Imagine the military comes up with a grenade that can spew lightning bolts within a radius of a couple of meters, each bolt contains so much charges that the air crackle producing succession of sonic booms and stunning flashes in its vicinity. That's not all in split seconds the electrons in the air gains so many energy that they escape freely and grows extremely bright thereby raising the temperature of surrounding air to over hundreds of thousands of degree Celsius in the blink of an eye. Would this piece of technology change the tide of war and what counter measure is effective against it? Please based your answer on 21st century C.E. innovation and do provide the working principle together with experiment result whenever applicable, and last but not least use magic sparingly.

  • $\begingroup$ Would it be a hand grenade, or rather RPG? $\endgroup$
    – Mołot
    Commented Dec 5, 2016 at 7:53
  • $\begingroup$ @Molot: I prefer hand grenade hence the counter measure is meant for the user. $\endgroup$
    – user6760
    Commented Dec 5, 2016 at 7:54
  • $\begingroup$ These grenades would be expensive and tricky to use. I'd stick to lightning guns. $\endgroup$
    – Kys
    Commented Dec 5, 2016 at 15:09

2 Answers 2


Not really, no. We've had 400 years to figure out ways of stopping electrical discharges from causing harm. All you really need is a grounded shield to draw the discharge, and everything behind it is perfectly safe.
Contrast that to the amount of effort, both in terms of energy input and costs (parts and labour) in making and delivering the grenade, and it's easy to see it isn't worth it.

As regards energising electrons, so that they

"they escape freely and grows extremely bright thereby raising the temperature of surrounding air to over hundreds of thousands of degree Celsius in the blink of an eye",

the sun has a surface temperature of around 5,000$^o$ C, hundreds of thousands would create a shockwave that would, maybe, vapourise all water nearby, including inside people and the soil, and create a mushroom cloud. That's more of a WMD than a short range weapon, and there's better ways to be both.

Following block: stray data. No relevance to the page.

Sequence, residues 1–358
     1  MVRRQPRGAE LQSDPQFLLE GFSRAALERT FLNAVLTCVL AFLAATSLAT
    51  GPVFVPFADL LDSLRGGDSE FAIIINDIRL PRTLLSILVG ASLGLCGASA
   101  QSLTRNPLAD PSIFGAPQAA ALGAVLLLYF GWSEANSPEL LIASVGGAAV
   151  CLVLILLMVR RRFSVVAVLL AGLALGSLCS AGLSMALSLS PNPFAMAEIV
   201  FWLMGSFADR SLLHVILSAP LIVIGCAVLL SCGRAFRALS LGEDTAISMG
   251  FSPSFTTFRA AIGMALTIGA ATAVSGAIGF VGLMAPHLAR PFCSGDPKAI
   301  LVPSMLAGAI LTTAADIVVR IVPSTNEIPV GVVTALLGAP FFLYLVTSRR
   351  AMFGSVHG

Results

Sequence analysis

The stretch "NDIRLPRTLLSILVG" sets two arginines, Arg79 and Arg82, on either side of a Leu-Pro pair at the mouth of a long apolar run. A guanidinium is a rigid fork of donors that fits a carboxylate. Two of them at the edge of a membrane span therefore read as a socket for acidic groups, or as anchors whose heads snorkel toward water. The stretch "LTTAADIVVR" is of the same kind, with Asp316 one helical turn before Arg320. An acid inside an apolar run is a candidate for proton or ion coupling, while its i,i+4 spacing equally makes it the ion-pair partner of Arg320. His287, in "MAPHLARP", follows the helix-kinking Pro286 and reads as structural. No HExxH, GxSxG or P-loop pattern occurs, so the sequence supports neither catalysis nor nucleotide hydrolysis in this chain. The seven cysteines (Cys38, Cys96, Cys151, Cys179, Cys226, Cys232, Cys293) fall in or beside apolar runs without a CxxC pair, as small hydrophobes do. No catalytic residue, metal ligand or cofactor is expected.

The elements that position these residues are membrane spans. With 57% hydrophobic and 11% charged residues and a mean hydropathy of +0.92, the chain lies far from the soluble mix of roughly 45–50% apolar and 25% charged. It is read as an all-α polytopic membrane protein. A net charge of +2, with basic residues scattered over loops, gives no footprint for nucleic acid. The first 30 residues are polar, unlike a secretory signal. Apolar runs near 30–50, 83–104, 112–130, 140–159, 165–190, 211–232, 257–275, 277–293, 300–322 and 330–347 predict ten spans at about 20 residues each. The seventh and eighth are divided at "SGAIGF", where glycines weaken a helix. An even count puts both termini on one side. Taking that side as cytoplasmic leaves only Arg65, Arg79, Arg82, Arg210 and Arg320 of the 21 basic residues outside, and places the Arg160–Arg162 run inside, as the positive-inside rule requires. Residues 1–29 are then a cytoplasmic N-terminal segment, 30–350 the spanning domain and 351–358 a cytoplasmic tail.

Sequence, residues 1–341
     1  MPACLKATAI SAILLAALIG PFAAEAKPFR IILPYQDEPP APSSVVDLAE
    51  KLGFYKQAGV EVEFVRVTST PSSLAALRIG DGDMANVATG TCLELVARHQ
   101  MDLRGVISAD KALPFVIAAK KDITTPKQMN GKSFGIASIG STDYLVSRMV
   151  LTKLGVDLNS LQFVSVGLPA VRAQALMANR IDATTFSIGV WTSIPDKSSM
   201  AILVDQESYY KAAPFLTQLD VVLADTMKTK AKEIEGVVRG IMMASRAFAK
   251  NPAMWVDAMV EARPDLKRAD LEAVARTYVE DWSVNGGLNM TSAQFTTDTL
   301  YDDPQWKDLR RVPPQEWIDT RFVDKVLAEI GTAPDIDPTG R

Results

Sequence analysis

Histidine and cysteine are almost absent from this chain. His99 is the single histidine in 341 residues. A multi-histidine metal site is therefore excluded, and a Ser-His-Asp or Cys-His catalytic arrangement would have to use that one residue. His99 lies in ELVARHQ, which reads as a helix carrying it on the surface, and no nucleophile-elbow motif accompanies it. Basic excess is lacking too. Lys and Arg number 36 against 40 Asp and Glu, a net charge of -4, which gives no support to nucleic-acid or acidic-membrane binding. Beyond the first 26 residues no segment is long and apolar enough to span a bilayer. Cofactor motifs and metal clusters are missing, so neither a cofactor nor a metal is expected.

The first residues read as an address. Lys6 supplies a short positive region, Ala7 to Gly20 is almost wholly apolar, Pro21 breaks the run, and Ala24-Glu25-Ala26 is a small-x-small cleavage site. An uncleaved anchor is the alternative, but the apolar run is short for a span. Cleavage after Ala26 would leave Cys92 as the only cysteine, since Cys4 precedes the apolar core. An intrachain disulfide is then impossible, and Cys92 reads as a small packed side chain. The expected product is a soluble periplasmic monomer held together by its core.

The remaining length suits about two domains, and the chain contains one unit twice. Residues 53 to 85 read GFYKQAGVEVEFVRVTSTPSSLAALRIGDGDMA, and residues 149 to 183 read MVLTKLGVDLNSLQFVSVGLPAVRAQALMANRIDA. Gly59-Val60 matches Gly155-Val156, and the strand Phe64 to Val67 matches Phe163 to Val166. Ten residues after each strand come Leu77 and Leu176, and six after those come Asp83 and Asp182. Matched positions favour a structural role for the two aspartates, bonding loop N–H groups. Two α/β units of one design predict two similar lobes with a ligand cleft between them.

Assuming air heats up linearly (it doesn't), and rounding cp to 1,000 J/kg.K,
energy required to raise 1 kg air to 100,000$^o$ C $$ = 1\times1000\times 100000 J = 1 \times 10^8 J \approx 0.1\ Tons\ of\ TNT$$ Now, expand for the amount of air you're planning to heat up, take into account that the expansion will be cubic (doubling the speed of air molecules will require 8 times the energy), and the multiple hundreds of thousands planned for, and you end up with a small nuke.

To put things into perspective :https://en.wikipedia.org/wiki/TNT_equivalent


The energy requirement can be satisfied using antimatter or similar high density energy storage or room temperature superconductors. X-rays that would be emitted by antimatter could be used to generate loads of electrons. It should have a protective insulation that can be ripped apart instead of exploding.

For it to be effective, it should explode in the air. It could change the battle scene but I think it won't be drastically. Firstly, it will be expensive, second, it is dangerous, finally, it will be hard to use as it needs to be detonated in the air. Maybe they could be delivered using micro drones.

  • 1
    $\begingroup$ "Modern"? "Antimatter" or "room temperature superconductors"? I'm pretty sure we don't have anything resembling room temperature superconductors, and the amount of antimatter we have managed to produce in total so far is miniscule. $\endgroup$
    – user
    Commented Dec 5, 2016 at 8:48
  • $\begingroup$ 21st century is not over yet, I still have high hopes for it and if needed I bet some countries will be willing to pay the price for antimatter. But I guess it can be used to power even stronger weaponry. Even though not the best way of doing it, antiprotons (H nuclei) can be stored in a magnetic field. You need about 0.1mg of antimatter for that bomb. $\endgroup$ Commented Dec 5, 2016 at 9:09

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